Spinal manipulation

Spinal Manipulation


Spinal manipulation has been well documented within the writings of Hippocrates and the traditional Chinese medicine (TCM) literature. In Western society, spinal manipulation began in the late 19th century with the development of osteopathic medicine by a frontier doctor named Andrew Taylor Still, MD. This school of medicine, as he developed it, began in 1874. Today, it has trained osteopathic physicians able to be board-certified in all of the medical and surgical subspecialties within the entire United States. Osteopathic physicians are complete physicians who, in addition to traditional medical and surgical approaches, use osteopathic principles and practice in the management of their patients. Part of their philosophical approach is to recognize that structure and function are interrelated, and their practice includes the judicious use of osteopathic manipulative medicine. These varied techniques attempt to normalize problems within the musculoskeletal system, thereby improving the body’s balance.


Another form of manipulation was developed in 1895 by David Daniel Palmer, a local magnetic healer, and a student of Dr Still’s. Palmer termed his healing art “chiropractic,” from the Greek words chiro and praktikos, meaning “done by hand.” Chiropractors are not physicians in the traditional sense of the term. They do not practice medicine or surgery. They do not prescribe medications. Chiropractors treat misalignments, or subluxations, within the spinal column that they believe cause problems within the nervous system, thereby leading to disease. Chiropractors treat these subluxations with manipulation of the spine and may use adjunctive therapies such as heat, electrical stimulation, and ultrasound.


Both of these approaches grew and developed their own systems of accreditation. Most patients who receive manipulation today are treated by one of these two groups of healers.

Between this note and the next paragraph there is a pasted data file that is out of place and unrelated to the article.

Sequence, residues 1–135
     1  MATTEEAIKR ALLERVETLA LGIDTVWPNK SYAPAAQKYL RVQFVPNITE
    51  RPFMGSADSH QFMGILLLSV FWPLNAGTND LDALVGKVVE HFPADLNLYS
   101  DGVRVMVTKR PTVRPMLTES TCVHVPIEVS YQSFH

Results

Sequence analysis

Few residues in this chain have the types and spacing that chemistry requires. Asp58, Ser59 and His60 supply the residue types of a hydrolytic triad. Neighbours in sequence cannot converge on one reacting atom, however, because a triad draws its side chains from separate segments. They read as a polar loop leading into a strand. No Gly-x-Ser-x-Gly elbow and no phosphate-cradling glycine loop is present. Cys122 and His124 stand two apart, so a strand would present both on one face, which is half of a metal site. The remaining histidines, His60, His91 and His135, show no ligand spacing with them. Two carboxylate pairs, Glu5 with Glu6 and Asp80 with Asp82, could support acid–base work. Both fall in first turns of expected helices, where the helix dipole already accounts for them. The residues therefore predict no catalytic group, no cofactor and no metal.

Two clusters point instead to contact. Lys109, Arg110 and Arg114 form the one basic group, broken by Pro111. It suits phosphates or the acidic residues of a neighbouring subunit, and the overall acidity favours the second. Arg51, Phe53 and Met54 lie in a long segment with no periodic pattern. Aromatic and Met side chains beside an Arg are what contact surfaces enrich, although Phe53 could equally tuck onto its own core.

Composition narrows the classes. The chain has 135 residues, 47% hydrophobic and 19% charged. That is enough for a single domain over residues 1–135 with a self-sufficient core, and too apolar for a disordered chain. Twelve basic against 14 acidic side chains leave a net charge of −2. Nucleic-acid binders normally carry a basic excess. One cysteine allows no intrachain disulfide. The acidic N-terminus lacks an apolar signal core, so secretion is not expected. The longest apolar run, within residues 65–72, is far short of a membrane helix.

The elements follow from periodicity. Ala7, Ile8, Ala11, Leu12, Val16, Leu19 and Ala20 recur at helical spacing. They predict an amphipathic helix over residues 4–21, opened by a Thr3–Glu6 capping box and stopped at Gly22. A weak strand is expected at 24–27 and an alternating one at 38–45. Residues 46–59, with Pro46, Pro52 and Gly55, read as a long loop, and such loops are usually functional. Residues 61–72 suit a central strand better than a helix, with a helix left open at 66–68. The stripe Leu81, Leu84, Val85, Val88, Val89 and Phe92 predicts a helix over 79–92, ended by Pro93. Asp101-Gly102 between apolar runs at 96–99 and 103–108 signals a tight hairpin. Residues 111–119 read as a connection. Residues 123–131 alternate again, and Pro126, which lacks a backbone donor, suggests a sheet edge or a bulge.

The public tends to have a narrow concept of manipulation. High-velocity, low-amplitude techniques, typically referred to by lay persons receiving manipulation as having my “neck cracked,” is the most common perception of cervical manipulative techniques. In fact, within both schools of manipulation, this is far from the truth. The thrusting technique (high-velocity, low-amplitude manipulations) is only one form of therapy that may be used. Other manipulative techniques, such as myofascial release, strain/counterstrain, and muscle energy techniques, may be used instead of the common thrusting procedures. These techniques tend to focus on soft tissue structures.


Patients seeking any form of manipulation should do their homework on the proposed providers and techniques used in order to find competent practitioners capable of performing such procedures as safely as possible. The risks and benefits must be clearly discussed. Just as one chooses their surgeon carefully, so too must a patient evaluate any practitioner who would attempt manipulation.


Note that no clear study findings within peer-reviewed, evidence-based literature demonstrate that the use of cervical manipulation has any long-lasting effect on the management of migraine or cluster headaches. In addition, the procedure is not without risk. A recent article in the journal Neurology indicated that, although rare, stroke may be a complication of thrusting procedures.